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Am J Obstet Gynecol. 1990 Sep;163(3):922-5.

The association of single umbilical artery with cytogenetically abnormal pregnancies.

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  • 1Department of Obstetrics and Gynecology, University of Maryland School of Medicine, Baltimore.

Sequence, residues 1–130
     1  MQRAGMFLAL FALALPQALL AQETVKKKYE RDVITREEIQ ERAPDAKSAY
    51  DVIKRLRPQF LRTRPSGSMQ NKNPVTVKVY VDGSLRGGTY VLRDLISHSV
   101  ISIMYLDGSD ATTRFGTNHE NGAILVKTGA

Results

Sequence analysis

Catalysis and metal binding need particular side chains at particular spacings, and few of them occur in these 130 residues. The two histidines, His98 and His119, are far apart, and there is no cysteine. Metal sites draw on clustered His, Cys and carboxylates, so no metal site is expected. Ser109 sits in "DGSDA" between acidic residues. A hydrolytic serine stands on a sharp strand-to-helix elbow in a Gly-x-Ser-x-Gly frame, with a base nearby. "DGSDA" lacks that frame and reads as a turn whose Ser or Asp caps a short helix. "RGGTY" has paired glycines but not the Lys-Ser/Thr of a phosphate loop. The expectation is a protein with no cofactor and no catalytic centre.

The clinical significance of the absence of one of the two umbilical arteries (single umbilical artery) lies in its association with congenital malformations. Whether this association includes cytogenetic abnormalities is less clear. A retrospective review of all detected chromosomally abnormal pregnancies at the University of Maryland was carried out. Of 109 cytogenetically abnormal pregnancies, the number of umbilical cord vessels could be documented in 53 cases. Six (11.3%) had a single umbilical artery. A single umbilical artery was noted in two of nine fetuses (22.2%) with trisomy 18 and in two of six fetuses (33.3%) with trisomy 13. Two other unusual chromosomal constitutions were noted in cases of a single umbilical artery. None of the 11 fetuses with sex chromosome abnormalities (including eight with monosomy X) had a single umbilical artery. Of 18 fetuses with trisomy 21, none had a single umbilical artery. This study suggests that a single umbilical artery is preferentially associated with certain karyotypic abnormalities and that trisomy 21 does not appear to be associated with a single umbilical artery.

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